Gribaudi is the mother of six -- she and her second husband are a modern-day Brady Bunch, combining their kids from previous marriages into a solid family unit. She is also the Administrator of the family business, Keyline, founded in 1770 and based in the Veneto, which produces door and car keys, as well as key cutting machines on a global scale. 

In addition to running MUVE and Keyline, Gribaudi's passions are young people and women -- one of the first things she did as MUVE President was install Baby Pit Stops at the museums where you can pop in and tune-up your baby: breastfeed and change a diaper. If you can understand Italian, here's a YouTube video:

Mixing sports and culture? I think it is a terrific idea, especially with these two passionate individuals at the helm. The Venice Civic Museums has a rich educational section, offering programs and adventures for adults, kids, schools and families on a local and international level -- not just for soccer players -- so if you're in Venice with the family, discover what programs MUVE has to offer. Developing the educational program and encouraging kids to enrich their knowledge of Venetian heritage is a powerful tool to creating a strong foundation for future generations.  

Go to Educational Services of the Venice Civic Museums for more information.

Ciao from Venezia,
Cat Bauer
Venetian Cat - The Venice Blog

Sunday, December 8, 2019

Life & Death on December 8: The Madonna of the Sun, John Lennon & the Feast of the Immaculate Conception in Venice

Harley, Like a Person
(Venice, Italy) When I created the teenage protagonist, Harley Columba, I wanted her to have a deep connection to John Lennon, so in my first novel,  Harley, Like a Person, I made her birthday on December 8th, the same day that John Lennon was assassinated. Even though Harley was raised Catholic -- drawing from my own background -- at the time I wrote the novel back in the 1990s, I had no idea what the significance of that day was in terms of Christian history, nor in the history of many other religions.

I've never felt particularly close to the concept of the Virgin Mary, which was far away from the reality of my experience of what being female entailed. To me, it was a product of the patriarchy, designed to suppress the sacred feminine energy. I did a lot of research, including journeying to Turkey to study the concept of the female throughout the millennium, arriving all the way back to the 8th millennium BC. 

I wrote a long post about my wanderings way back on March 19, 2008:

Oh, Madonna!

Harley's Ninth - illustrated by Philippe Lardy
So, in my second novel, Harley's Ninth, Harley, who is an artist, has an idea for a goddess of her own creation, and decides to capture her idea in a sketch for an oil painting. She calls her goddess, The Madonna of the Sun -- "...a sexy Madonna, a modern Isis, a new Amaterasu, the Japanese sun goddess..."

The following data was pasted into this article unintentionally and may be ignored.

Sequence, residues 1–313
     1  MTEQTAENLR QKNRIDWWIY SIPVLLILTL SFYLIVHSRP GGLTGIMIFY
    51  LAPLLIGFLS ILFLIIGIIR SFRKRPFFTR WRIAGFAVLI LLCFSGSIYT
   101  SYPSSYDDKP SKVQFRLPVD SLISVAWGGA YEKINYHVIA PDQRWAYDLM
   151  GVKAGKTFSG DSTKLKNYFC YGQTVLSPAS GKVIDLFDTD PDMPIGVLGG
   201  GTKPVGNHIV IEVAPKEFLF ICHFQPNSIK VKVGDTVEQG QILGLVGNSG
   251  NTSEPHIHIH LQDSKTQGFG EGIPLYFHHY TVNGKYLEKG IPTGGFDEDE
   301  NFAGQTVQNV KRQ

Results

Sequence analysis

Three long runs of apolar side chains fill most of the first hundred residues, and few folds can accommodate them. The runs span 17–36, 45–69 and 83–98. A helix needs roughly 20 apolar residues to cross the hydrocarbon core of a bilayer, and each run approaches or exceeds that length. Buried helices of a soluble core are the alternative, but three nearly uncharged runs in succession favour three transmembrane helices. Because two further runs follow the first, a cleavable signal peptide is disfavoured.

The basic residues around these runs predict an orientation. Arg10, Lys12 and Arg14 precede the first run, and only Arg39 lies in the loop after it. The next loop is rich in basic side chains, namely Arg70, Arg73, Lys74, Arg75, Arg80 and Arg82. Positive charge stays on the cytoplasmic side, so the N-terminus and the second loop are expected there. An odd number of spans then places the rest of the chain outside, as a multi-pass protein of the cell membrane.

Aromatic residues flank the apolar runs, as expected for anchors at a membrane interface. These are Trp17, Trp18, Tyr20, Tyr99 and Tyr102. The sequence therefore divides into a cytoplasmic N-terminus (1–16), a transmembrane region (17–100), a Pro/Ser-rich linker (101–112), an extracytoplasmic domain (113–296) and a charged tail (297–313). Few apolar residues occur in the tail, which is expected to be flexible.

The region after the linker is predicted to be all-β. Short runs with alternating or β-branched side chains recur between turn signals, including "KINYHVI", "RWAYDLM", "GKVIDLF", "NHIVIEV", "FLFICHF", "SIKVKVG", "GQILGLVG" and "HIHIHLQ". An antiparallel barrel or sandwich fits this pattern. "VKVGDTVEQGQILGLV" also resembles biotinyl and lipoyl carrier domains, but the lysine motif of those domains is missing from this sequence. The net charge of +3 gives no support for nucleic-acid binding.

Meeting at the Golden Gate by Giotto (section) - 1305
Only after moving to Venice did I learn that December 8th is a national holiday here in Italy: the Feast of the Immaculate Conception, a holiday that seems to have been utterly forgotten in the United States. It is one of the most important Marian feast days in the Roman Catholic Church, and is celebrated world-wide. It honors the day that Mary, the mother of Jesus Christ, was immaculately conceived

This was a revelation to me, as I had confused the Immaculate Conception with the virgin birth of Jesus Christ.  

But it was not until I saw the MAGISTER GIOTTO exhibition at the Scuola Grande della Misercordia in 2017 that the idea of the Immaculate Conception hit me on an emotional level. Some scholars think that the great artist Giotto di Bondone captured the moment of the Immaculate Conception in his Meeting at the Golden Gate, when Mary's parents; Joachim and Anne, who were long-married but childless, first met each other after receiving the news -- separately -- from an angel that they would have a child who would grow up to be the mother of God. You can read more about the moment in a post I wrote about Giotto: 

The Most Powerful Kiss in Art: Do you know what MAGISTER GIOTTO in Venice is?

The Beauty of Venice, December 2019 Photo by Cat Bauer Venice Blog
The Beauty of Venice, December 2019 - Photo: Cat Bauer
Venice itself is a female city, which is another thing that makes it distinct. The Venetians who constructed this city created churches and images, institutions and organizations to honor the Madonna, and appreciated the sacred female energy in their own quirky patriarchal way. As Venice once again lifts up her skirts and gets back to business after the destructive November 12 flood, it would be greatly appreciated if her honor and strong resilience was respected by all. 

Ciao from Venezia,
Cat Bauer
Venetian Cat - The Venice Blog